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Effective functional maturation of invariant natural killer T cells is constrained by negative selection and T-cell antigen receptor affinity

Bedel, Romain, Berry, Richard, Mallevaey, Thierry, Matsuda, Jennifer L., Zhang, Jingjing, Godfrey, Dale I., Rossjohn, Jamie, Kappler, John W., Marrack, Philippa, Gapin, Laurent
Proceedings of the National Academy of Sciences of the United States of America 2014 v.111 no.1 pp. E119
T-lymphocytes, agonists, antigens, cell differentiation, genetically modified organisms, immune response, lipids, mice, transcription factors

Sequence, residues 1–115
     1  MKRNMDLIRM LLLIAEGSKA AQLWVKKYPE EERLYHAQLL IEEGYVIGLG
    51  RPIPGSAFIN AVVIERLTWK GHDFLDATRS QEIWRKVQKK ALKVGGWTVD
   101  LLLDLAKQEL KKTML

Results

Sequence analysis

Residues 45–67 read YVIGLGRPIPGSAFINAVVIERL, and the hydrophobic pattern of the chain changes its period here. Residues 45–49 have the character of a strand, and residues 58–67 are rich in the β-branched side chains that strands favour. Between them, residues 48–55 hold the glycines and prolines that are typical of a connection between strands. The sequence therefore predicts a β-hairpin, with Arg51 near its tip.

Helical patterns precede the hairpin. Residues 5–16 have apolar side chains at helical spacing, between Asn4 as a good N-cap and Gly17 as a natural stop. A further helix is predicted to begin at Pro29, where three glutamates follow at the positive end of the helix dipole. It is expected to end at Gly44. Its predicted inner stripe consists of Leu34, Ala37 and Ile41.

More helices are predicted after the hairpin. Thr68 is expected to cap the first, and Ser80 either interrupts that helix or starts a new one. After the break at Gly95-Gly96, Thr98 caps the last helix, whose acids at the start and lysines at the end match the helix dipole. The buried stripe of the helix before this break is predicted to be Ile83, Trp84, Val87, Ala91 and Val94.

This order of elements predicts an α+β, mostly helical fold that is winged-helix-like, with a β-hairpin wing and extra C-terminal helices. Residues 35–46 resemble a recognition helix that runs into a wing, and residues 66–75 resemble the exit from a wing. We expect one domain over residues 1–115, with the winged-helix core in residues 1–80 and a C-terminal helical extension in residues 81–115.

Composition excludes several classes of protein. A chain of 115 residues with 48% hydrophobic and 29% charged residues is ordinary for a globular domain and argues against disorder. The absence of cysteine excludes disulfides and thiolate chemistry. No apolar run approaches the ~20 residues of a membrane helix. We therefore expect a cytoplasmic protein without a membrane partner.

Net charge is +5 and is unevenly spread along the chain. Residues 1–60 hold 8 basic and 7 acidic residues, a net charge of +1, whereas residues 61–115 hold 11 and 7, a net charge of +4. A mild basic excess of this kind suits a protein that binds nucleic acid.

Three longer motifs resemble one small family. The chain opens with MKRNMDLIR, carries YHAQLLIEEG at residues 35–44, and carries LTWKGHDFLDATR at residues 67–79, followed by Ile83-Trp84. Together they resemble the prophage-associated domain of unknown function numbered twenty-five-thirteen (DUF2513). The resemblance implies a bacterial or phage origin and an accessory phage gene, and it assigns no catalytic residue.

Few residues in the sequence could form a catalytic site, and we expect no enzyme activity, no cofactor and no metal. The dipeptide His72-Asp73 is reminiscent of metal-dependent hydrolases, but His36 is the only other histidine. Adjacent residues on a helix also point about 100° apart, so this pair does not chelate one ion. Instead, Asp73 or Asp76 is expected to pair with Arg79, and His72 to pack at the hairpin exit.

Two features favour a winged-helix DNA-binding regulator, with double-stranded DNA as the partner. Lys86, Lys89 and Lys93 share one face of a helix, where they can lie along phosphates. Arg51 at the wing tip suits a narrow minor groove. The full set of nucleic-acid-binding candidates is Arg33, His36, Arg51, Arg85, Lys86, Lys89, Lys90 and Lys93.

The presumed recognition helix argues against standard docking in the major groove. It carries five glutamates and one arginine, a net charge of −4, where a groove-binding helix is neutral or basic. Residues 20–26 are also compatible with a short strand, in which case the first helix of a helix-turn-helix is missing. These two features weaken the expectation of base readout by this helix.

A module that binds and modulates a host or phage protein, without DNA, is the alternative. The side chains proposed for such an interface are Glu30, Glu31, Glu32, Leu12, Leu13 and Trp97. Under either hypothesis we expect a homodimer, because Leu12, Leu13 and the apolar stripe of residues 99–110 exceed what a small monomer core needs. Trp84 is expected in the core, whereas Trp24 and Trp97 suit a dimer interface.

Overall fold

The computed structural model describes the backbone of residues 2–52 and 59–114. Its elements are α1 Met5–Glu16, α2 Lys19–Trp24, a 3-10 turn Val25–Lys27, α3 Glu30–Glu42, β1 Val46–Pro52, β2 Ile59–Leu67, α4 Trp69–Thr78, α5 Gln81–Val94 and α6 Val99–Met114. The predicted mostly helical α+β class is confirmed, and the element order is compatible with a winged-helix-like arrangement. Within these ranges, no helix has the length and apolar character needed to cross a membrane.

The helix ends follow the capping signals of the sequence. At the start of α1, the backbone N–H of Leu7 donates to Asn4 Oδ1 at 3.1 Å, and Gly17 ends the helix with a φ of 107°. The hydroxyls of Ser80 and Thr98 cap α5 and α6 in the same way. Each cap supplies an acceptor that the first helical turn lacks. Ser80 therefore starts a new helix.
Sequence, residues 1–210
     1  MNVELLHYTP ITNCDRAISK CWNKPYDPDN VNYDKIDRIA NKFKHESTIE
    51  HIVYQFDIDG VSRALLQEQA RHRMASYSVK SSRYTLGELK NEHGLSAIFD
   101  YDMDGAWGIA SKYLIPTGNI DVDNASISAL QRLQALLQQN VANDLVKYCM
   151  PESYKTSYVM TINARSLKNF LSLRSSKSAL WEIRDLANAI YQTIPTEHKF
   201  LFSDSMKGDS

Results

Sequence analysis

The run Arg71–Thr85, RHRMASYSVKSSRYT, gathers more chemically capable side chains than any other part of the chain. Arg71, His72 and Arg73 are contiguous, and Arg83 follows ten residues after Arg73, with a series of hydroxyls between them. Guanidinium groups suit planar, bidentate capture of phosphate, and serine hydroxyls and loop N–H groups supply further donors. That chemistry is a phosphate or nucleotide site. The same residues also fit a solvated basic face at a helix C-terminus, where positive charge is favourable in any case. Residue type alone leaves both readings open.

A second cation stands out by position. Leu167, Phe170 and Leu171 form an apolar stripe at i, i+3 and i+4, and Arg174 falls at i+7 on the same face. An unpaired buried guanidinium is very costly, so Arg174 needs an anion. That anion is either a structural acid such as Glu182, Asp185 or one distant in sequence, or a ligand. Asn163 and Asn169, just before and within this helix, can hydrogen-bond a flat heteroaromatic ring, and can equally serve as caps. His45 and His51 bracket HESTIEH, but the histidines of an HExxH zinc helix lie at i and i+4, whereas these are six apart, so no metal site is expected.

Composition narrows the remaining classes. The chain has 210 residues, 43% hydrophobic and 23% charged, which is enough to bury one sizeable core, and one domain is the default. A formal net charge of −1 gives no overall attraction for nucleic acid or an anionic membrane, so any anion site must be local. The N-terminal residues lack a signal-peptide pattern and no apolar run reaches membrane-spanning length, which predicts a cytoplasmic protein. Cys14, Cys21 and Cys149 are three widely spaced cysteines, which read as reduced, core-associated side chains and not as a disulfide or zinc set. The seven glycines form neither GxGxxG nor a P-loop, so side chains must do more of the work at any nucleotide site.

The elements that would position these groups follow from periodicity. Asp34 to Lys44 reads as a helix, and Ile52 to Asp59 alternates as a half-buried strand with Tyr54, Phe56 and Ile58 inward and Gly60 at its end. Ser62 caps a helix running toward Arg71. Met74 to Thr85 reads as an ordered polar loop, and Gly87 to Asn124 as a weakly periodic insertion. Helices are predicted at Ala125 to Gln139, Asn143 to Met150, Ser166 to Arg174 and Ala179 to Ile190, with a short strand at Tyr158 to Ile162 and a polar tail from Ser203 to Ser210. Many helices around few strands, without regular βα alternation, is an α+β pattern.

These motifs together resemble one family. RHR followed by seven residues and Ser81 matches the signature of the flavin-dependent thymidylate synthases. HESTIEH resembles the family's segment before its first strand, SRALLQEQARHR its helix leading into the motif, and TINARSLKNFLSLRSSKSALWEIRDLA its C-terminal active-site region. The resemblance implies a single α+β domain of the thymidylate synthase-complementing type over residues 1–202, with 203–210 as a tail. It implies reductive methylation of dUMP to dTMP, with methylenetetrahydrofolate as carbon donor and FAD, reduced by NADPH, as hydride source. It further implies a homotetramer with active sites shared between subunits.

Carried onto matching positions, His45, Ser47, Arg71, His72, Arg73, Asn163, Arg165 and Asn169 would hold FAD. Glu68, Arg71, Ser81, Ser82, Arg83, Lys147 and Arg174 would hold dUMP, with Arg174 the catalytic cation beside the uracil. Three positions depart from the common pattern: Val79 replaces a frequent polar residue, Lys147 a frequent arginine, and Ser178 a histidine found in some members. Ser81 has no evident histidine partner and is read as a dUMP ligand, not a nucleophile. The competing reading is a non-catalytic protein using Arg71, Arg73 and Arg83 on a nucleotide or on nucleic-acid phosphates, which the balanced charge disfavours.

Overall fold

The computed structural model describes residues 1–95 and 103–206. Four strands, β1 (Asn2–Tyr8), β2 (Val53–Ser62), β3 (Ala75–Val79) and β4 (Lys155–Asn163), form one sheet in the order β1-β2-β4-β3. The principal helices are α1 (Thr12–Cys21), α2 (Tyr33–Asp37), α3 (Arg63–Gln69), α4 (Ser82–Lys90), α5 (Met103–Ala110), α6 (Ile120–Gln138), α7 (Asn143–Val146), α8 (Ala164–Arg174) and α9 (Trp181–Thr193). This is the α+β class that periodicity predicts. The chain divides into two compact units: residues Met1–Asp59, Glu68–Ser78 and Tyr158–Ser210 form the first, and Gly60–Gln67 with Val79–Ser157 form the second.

The self-reactivity of their T-cell antigen receptor (TCR) is thought to contribute to the development of immune regulatory cells, such as invariant NK T cells (iNKT). In the mouse, iNKT cells express TCRs composed of a unique Vα14-Jα18 rearrangement and recognize lipid antigens presented by CD1d molecules. We created mice expressing a transgenic TCR-β chain that confers high affinity for self-lipid/CD1d complexes when randomly paired with the mouse iNKT Vα14-Jα18 rearrangement to study their development. We show that although iNKT cells undergo agonist selection, their development is also shaped by negative selection in vivo. In addition, iNKT cells that avoid negative selection in these mice express natural sequence variants of the canonical TCR-α and decreased affinity for self/CD1d. However, limiting the affinity of the iNKT TCRs for “self” leads to inefficient Egr2 induction, poor expression of the iNKT lineage-specific zinc-finger transcription factor PLZF, inadequate proliferation of iNKT cell precursors, defects in trafficking, and impaired effector functions. Thus, proper development of fully functional iNKT cells is constrained by a limited range of TCR affinity that plays a key role in triggering the iNKT cell-differentiation pathway. These results provide a direct link between the affinity of the TCR expressed by T-cell precursors for self-antigens and the proper development of a unique population of lymphocytes essential to immune responses.